Lipid-Based Surface Modifications: towards the Development of Membrane-Protein Arrays
Mimics of the natural cell membrane, such as lipid vesicles and supported lipid membranes, have gained significant attention in recent years. This is primarily due to their ability to provide scientists with a model system allowing a large arsenal of scientific tools to be used in studies of biological reactions that are naturally controlled by the cell membrane and its components. An in depth understanding of these processes, which are essential for the integrity and function of cells in all living organisms, is not only of high scientific interest, but also a key component in the development of therapeutic drugs and in disease diagnostics. In the latter contexts, various surface-based biosensor platforms have recently gained increased attention. This stems from the potential of such platforms to provide real-time, label-free and array-based analysis of cell-membrane mediated processes. However, progress in this direction is not limited to new sensor concepts alone, but also includes sophisticated surface modification schemes, which are compatible with array-based sensor platforms.
This thesis work has been focused on the two latter issues, and contributes in essence with (i) a new means of distributing lipid vesicles on surface based array formats, using site-selective and sequence-specific sorting of DNA-modified vesicles on DNA arrays (Paper I to III; this is the major part of the thesis) and (ii) a new platform for electrochemical impedance spectroscopy (EIS) studies of supported membranes that span nanoscale holes in thin (~50 nm) transmission electron microscopy (TEM) windows, designed to be compatible with studies of single ion-channel processes (Paper V and Progress Report in Chapter 6).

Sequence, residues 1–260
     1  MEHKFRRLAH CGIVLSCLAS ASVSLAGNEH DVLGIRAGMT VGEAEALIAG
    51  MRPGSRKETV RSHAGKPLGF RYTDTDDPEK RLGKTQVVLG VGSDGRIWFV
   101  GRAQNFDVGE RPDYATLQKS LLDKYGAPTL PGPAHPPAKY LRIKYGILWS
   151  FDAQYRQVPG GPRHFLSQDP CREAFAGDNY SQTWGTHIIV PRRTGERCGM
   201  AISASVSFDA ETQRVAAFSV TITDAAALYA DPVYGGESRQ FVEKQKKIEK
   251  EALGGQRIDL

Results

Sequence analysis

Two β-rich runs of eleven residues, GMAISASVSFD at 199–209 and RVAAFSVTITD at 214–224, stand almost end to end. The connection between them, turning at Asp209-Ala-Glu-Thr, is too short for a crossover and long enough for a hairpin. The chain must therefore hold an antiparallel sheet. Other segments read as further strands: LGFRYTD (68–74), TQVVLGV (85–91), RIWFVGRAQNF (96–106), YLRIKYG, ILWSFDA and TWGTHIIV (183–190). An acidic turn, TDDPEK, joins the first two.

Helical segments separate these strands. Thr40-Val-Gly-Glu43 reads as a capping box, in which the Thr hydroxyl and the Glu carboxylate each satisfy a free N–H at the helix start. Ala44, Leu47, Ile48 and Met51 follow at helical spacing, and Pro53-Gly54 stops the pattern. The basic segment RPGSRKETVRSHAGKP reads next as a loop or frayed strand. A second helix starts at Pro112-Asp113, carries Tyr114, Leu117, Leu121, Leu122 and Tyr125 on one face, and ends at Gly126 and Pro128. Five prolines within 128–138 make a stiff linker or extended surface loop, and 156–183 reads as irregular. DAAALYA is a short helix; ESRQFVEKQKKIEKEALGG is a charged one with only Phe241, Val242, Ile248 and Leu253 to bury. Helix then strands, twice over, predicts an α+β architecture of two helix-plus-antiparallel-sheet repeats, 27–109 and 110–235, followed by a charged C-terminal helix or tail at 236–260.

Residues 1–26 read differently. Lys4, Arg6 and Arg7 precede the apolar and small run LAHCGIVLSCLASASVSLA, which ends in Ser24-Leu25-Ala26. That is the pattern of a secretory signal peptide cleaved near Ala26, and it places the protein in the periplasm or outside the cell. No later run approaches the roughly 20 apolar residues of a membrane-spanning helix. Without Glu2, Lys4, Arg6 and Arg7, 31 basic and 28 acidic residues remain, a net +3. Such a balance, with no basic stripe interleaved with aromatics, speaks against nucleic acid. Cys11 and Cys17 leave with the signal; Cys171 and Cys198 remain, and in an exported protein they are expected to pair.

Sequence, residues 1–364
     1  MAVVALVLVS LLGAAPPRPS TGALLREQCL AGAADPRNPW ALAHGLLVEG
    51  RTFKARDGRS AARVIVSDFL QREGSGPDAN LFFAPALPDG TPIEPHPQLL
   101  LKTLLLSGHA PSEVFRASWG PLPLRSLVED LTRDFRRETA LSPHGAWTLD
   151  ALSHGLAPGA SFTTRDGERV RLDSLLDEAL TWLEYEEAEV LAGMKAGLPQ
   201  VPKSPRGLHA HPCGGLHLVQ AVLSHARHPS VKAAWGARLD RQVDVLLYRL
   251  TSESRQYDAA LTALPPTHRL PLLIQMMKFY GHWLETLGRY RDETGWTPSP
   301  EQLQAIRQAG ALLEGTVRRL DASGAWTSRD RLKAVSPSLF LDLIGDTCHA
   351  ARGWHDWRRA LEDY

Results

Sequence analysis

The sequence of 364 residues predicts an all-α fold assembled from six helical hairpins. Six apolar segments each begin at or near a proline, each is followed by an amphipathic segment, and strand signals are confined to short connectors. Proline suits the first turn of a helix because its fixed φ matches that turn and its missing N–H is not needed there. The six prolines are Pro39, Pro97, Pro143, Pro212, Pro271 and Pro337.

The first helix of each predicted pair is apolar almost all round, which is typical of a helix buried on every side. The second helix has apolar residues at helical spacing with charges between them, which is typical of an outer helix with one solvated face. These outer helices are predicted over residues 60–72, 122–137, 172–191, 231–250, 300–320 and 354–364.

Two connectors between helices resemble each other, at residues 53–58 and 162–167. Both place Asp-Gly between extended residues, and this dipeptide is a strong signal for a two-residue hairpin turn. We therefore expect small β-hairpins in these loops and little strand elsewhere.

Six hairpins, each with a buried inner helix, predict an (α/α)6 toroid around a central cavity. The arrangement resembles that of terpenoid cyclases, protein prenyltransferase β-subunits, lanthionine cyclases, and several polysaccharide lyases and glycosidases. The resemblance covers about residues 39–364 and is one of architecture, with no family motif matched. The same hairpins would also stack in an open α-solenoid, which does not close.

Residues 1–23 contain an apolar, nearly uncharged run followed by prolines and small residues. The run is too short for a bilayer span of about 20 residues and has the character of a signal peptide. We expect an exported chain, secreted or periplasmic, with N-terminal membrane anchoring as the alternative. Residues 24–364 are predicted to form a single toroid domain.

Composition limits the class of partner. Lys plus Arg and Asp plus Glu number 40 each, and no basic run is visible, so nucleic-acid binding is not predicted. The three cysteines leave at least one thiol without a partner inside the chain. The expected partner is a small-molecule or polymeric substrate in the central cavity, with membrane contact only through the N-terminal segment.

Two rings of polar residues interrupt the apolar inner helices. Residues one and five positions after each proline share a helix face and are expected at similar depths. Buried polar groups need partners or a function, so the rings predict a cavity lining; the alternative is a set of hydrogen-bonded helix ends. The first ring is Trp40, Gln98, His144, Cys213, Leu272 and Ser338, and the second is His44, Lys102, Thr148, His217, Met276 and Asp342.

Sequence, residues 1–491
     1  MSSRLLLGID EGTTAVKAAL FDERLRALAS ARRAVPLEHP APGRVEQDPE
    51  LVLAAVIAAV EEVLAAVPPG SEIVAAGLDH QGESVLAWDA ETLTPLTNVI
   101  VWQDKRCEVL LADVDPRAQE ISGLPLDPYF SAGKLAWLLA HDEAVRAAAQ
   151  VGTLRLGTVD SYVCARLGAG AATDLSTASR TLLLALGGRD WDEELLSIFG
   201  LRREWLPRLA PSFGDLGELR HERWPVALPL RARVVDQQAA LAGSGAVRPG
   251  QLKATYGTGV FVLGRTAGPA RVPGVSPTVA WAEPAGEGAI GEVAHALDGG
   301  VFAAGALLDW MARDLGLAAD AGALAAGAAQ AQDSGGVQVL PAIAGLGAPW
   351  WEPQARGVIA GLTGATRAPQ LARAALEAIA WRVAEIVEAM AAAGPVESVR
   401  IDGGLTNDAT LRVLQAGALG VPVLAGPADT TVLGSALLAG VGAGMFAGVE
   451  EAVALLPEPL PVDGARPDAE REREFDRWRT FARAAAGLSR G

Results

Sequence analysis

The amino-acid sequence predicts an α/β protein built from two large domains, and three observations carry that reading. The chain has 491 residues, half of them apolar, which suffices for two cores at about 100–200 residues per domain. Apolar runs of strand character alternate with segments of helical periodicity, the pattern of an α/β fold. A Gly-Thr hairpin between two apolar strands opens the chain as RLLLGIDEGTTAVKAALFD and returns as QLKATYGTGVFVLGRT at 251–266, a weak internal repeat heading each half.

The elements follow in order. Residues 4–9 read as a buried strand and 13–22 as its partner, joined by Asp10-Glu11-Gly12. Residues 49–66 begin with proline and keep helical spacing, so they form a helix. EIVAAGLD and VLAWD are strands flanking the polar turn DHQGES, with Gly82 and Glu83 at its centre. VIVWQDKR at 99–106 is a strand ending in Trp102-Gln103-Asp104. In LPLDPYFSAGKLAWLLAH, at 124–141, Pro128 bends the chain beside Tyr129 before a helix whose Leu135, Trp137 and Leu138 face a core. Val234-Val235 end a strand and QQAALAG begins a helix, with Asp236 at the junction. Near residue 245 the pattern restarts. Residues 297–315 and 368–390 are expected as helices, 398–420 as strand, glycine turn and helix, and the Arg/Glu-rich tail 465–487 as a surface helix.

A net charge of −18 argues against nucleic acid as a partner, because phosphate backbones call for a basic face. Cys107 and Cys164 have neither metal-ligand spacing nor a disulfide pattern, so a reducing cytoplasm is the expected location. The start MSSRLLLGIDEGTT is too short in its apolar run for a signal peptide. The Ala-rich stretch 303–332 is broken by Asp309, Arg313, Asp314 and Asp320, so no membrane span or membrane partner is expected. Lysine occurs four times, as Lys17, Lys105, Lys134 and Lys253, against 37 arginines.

The concept used to modify lipid vesicles with DNA was based on self incorporating cholesterol-modified DNA. Significant efforts were put on increasing the strength of this coupling (Paper III), and a new method to quantify the DNA density on vesicles has been developed (Paper IV). In addition, as a precursor step towards nano-aperture spanning lipid membranes, an investigation was made of the influence on lateral lipid diffusivity in supported lipid membranes formed on substrates with nanoscale pits (Paper V).
The lipid-based surface-modification protocols developed within this work have in common that they are compatible with studies of different types of membrane residing proteins on a single chip, making it likely that the concepts developed will contribute significantly to the field of array-based detection of membrane protein function. The work on nano-holes and hole-spanning lipid membranes has created a valuable platform towards the goal of studying single trans-membrane proteins, specifically ion channels.
supported lipid bilayer
10.15 KB-salen, Kemigården 4, Chalmers
Opponent: Associate Professor, Tommy Nylander, Physical Chemistry, Lund University